The moving Earth
The Earth's surface- geologically called the Lithosphere- is made up of large plates, in constant motion, travelling a few centimeters every year.
The continents, countries within those continents, and the ocean basins rest on the Lithosphere or the top crust of the earth and so are part of the moving tectonic plates. The landmasses and the ocean floors which are part of the plates are constantly moving, spreading from the center, and striking at the edges. In a way there is intense geological activity which is constantly changing the surface features of the Earth. We can't see these changes but over time - sometimes millions of years - they can be enormous.
The different Tectonic plates
This map displays tectonic plates, all shaded differently, and the continents and oceans which constitute those tectonic plates. The direction of the movement of the plates is also marked on the map.
The fifteen tectonic plates are: Indo- Australian plate, Philipino plate, Pacific plate, Juan De Fuca plate, North American plate, Cocos plate, Nazca plate, Caribbean plate, Antarctic Plate, Scotia plate, Eurasian plate, Arabian plate, African plate, South American plate, and Indian plate.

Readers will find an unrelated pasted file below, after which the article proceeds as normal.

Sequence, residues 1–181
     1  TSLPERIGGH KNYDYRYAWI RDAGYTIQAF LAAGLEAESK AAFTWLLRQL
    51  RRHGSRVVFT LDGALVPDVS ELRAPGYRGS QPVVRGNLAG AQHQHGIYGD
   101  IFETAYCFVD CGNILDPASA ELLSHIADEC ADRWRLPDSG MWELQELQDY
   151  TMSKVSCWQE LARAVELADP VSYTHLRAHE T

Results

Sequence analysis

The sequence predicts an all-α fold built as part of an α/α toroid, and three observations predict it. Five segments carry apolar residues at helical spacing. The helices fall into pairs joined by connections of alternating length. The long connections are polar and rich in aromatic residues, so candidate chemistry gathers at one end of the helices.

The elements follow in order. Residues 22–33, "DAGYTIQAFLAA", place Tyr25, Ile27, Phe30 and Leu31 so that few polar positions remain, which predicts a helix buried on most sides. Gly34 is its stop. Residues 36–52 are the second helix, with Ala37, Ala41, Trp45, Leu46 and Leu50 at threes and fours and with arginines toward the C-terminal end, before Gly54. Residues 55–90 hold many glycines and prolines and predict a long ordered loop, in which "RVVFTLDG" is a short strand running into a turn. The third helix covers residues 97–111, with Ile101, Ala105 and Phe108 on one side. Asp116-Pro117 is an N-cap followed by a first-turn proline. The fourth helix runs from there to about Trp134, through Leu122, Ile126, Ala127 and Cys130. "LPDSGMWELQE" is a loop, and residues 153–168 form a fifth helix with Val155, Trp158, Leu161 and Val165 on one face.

The edges of these plates, where they move against each other are sites of intense geological activity such as earth quakes, volcanoes and mountain building. In fact, Himalayas, the highest mountain ranges in the world were built this way. Fifty- five million years ago, The Indian plate, considered part of the Indo Australian plate collided with the Eurasian plate and pushed up the mountains. As the Indian Plate and the Indo Australian plate are still moving north, these mountains are still growing. As a result of the movement of the plates, this region is earthquake prone too.
The area where the Pacific and North American plates meet is the site of intense earthquakes, and the 'Ring of Fire' around the perimeter of the Pacific Ocean is the site for a string of active Volcanoes. As the Pacific plate moves, it rubs against the surrounding plates and this rubbing or movement causes the molten magma to erupt all around the plate's outer edges.
Last Updated on : 30/05/2013